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*"Biz" Mackey was born on this date in 1897. He was a Black baseball player and manager in Negro League baseball.
James Raleigh "Biz" Mackey was born in Eagle Pass, Texas, to a sharecropping family with two brothers. He began playing baseball with his brothers on the Luling Oilers, a Prairie League team, in 1916 in his hometown of Luling. He joined the professional San Antonio Black Aces two years later. When the team folded in 1920, his contract was sold to the Indianapolis ABCs in time for the Negro National League's first season.
After three years, he was picked up by Hilldale when the Eastern Colored League was organized in 1923. In his first season with Hilldale, he batted .423, winning the ECL batting title and pacing the team to the pennant, and followed with eight consecutive seasons batting .308 or better. In 1924, he finished third in the batting race as Hilldale repeated as champions but lost to the Kansas City Monarchs 5 games to 4 in the first Negro League World Series, with Mackey playing third base. At first, platooning behind the plate while sharing time at shortstop with Pop Lloyd and Jake Stephens, he took over the full-time catching job in 1925.
In that year's Negro League World Series, Mackey helped Hilldale to the title over the Monarchs with a .360 average. He drove in the lead run in the 11th inning of the first game, which Hilldale won in 12 innings; after scoring the winning run in a 2–1 victory in Game 5, his three hits in the deciding Game 6 clinched the title. His barnstorming tours included a trip to Japan in 1927, during which he became the first player to hit a home run out of Meiji Shrine Stadium, doing so in three straight games. He was well-received on the tour and made later trips to Japan in 1934 and 1935. In 1931, he won his second batting title with a .359 average, as Hilldale also finished with the best record among eastern teams.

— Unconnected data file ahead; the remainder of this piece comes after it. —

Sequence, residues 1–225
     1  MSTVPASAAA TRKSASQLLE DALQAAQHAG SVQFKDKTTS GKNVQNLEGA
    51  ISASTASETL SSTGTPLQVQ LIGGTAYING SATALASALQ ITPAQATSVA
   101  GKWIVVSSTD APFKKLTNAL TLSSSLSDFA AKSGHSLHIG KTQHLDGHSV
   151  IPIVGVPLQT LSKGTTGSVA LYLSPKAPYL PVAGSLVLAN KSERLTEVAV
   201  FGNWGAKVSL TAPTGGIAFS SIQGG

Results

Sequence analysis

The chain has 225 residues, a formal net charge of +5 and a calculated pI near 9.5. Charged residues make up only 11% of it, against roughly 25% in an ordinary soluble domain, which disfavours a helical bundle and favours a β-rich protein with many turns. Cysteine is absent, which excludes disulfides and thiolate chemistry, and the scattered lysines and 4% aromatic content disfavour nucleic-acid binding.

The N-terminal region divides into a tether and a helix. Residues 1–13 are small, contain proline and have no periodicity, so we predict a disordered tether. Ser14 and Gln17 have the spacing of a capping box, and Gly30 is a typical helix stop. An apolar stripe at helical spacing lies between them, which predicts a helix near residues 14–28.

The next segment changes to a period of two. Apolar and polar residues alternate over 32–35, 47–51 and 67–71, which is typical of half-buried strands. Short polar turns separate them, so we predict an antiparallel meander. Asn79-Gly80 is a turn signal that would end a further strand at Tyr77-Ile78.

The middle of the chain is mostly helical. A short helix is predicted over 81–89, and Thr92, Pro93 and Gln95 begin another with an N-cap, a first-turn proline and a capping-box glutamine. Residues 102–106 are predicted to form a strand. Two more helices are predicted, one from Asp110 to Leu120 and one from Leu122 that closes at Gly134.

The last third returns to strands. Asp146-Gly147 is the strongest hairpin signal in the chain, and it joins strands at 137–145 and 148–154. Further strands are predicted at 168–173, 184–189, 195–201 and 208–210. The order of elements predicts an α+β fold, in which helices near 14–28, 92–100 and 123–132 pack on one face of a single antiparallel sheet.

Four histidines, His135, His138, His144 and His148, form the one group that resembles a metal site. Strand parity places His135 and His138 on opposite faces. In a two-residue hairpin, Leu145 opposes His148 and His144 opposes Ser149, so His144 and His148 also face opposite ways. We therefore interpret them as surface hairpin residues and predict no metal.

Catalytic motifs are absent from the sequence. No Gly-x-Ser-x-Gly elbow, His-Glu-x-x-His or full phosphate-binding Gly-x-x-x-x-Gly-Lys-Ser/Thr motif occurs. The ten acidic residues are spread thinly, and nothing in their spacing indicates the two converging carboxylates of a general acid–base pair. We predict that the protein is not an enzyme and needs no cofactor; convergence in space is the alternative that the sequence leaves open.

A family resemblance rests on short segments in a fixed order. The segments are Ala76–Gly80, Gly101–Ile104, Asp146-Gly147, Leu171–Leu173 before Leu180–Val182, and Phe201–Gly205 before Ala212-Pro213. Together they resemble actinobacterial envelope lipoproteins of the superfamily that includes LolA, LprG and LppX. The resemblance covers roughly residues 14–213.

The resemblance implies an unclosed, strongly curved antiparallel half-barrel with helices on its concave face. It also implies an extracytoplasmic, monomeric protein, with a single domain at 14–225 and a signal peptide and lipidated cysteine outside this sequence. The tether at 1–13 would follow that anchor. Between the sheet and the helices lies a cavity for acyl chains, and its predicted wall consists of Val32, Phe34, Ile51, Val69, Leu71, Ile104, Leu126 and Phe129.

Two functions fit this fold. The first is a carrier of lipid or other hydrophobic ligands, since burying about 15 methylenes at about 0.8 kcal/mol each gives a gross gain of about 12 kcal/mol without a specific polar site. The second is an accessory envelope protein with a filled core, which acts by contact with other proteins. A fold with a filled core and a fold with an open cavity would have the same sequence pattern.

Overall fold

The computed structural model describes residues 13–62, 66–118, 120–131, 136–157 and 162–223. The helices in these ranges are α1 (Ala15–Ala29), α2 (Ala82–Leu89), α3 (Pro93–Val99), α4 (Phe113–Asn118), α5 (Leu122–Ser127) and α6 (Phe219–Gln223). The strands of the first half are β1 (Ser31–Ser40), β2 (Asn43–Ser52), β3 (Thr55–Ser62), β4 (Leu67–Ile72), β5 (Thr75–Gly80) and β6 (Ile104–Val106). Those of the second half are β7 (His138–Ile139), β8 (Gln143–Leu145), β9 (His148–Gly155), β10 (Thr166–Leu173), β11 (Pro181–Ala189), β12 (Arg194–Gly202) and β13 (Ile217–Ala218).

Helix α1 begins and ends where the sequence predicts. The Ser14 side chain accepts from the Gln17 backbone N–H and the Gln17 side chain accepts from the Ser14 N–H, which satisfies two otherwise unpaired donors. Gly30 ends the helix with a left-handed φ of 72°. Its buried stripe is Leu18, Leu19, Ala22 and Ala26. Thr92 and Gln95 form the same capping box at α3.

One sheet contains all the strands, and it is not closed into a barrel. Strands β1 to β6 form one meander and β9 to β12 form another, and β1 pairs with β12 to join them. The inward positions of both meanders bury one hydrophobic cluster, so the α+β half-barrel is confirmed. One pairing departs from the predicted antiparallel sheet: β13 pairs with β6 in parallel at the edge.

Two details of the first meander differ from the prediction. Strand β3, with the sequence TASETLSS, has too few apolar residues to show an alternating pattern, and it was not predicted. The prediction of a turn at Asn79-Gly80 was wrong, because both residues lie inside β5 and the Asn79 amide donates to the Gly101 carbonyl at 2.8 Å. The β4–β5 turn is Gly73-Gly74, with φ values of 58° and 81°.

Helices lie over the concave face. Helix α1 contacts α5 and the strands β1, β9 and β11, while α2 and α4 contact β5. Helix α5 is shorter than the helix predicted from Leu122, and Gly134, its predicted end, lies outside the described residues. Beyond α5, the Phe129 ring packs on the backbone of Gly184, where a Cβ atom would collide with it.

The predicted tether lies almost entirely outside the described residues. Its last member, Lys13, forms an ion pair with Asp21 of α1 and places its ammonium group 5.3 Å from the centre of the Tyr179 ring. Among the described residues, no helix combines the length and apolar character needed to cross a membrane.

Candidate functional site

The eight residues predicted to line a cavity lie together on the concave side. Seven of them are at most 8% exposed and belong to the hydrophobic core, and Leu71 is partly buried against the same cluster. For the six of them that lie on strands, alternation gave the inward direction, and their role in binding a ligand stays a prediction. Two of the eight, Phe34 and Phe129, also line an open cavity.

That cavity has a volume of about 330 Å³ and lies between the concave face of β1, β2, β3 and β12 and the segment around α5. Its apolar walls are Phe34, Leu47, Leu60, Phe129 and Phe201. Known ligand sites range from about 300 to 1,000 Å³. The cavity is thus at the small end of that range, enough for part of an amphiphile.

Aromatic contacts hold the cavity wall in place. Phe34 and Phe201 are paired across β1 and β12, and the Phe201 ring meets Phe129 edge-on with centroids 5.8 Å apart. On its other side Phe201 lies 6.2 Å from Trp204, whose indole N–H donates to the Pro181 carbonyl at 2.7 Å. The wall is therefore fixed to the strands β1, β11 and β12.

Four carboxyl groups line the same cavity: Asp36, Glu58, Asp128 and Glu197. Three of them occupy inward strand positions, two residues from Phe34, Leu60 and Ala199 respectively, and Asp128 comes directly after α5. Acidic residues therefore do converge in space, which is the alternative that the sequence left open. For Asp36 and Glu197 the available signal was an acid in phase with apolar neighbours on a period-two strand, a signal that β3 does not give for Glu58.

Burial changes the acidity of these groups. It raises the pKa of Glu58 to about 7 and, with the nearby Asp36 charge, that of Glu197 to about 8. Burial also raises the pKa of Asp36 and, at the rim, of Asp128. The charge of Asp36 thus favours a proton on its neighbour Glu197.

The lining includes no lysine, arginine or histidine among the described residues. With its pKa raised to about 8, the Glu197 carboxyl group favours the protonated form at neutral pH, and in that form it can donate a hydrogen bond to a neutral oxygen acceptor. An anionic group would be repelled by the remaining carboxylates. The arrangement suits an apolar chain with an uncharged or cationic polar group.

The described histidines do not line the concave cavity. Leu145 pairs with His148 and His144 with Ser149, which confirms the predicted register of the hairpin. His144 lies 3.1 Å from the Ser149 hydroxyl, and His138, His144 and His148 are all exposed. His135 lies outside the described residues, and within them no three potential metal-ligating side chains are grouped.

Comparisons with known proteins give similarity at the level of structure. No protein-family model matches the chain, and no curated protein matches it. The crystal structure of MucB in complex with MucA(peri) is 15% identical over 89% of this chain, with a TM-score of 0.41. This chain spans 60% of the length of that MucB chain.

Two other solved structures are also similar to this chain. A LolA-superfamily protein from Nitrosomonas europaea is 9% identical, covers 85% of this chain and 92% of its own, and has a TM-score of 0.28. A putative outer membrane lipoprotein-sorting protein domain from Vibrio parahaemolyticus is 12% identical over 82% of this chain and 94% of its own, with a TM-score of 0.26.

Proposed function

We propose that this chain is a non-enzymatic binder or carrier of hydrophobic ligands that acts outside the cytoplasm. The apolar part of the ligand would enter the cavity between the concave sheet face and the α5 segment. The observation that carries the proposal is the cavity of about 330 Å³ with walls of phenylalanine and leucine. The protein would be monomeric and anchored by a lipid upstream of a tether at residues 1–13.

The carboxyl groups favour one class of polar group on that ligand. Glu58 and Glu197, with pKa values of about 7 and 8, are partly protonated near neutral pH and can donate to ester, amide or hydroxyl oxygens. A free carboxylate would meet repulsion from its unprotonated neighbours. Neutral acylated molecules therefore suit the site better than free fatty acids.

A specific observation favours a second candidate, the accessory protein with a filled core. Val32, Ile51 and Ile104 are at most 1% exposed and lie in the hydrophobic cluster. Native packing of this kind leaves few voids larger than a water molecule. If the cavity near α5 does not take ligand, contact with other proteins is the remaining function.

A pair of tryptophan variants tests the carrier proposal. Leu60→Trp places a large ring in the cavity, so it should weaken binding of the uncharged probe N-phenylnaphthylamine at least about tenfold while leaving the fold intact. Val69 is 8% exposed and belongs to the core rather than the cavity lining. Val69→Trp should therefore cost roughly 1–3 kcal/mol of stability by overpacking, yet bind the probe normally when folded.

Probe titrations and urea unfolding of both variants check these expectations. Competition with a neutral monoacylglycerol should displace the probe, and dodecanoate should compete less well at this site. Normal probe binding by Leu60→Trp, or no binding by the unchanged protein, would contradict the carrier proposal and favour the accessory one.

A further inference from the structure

In voting for the first East-West All-Star Game in 1933, he was selected at catcher over the young Josh Gibson, batting cleanup. He would play in three more All-Star Games by 1938. In 1934, he batted only .299 as the Philadelphia Stars' won the NNL second-half pennant. However, he had a good postseason, batting .368 and driving in the first run of a 2–0 victory in Game 7 to defeat the Chicago American Giants 4 games to 3. By 1937, he was managing the Baltimore Elite Giants, where he began mentoring 15-year-old Roy Campanella in the fine points of catching. Campanella later recalled:
"In my opinion, Biz Mackey was the master of defense of all catchers. When I was a kid in Philadelphia, I saw both Mackey and Mickey Cochrane in their primes, but for real catching skills, I don't think Cochrane was the master of defense that Mackey was. When I went under his direction in Baltimore, I was 15 years old. I gathered quite a bit from Mackey, watching how he did things, how he blocked low pitches, how he shifted his feet for an outside pitch, how he threw with a short, quick, accurate throw without drawing back. I got all this from Mackey at a young age."
Mackey joined the Newark Eagles in 1939, replacing Dick Lundy as manager a year later, and continued his work with young players such as Monte Irvin, Larry Doby, and Don Newcombe. Personality conflicts with Newark owner Effa Manley led to Mackey's departure from play after the 1941 season. Still, he returned to the field in 1945 and managed the team in 1946 as the Eagles won the Negro League World Series 4 games to 3, again over the Monarchs, who featured pitcher Satchel Paige. Even in his 40s, Mackey was still an effective player; he batted .307 in 1945 and appeared in the 1947 All-Star Game at age 50.
When the Eagles moved to Houston in 1950, he retired from baseball following the season. In the 1950s, he moved to Los Angeles and began working as a forklift operator. In 1952, he was selected by a Pittsburgh Courier poll as the Negro leagues' greatest catcher, ahead of Josh Gibson. Mackey received more attention on May 7, 1959, when Campanella was honored at the Los Angeles Memorial Coliseum following his paralysis from a car accident. Mackey was introduced to a crowd of over 93,000 for an exhibition game between the Dodgers and the New York Yankees. He lived in Los Angeles until his death on September 22, 1965. He is buried in that city's Evergreen Cemetery. Biz Mackey was elected to the Baseball Hall of Fame in 2006.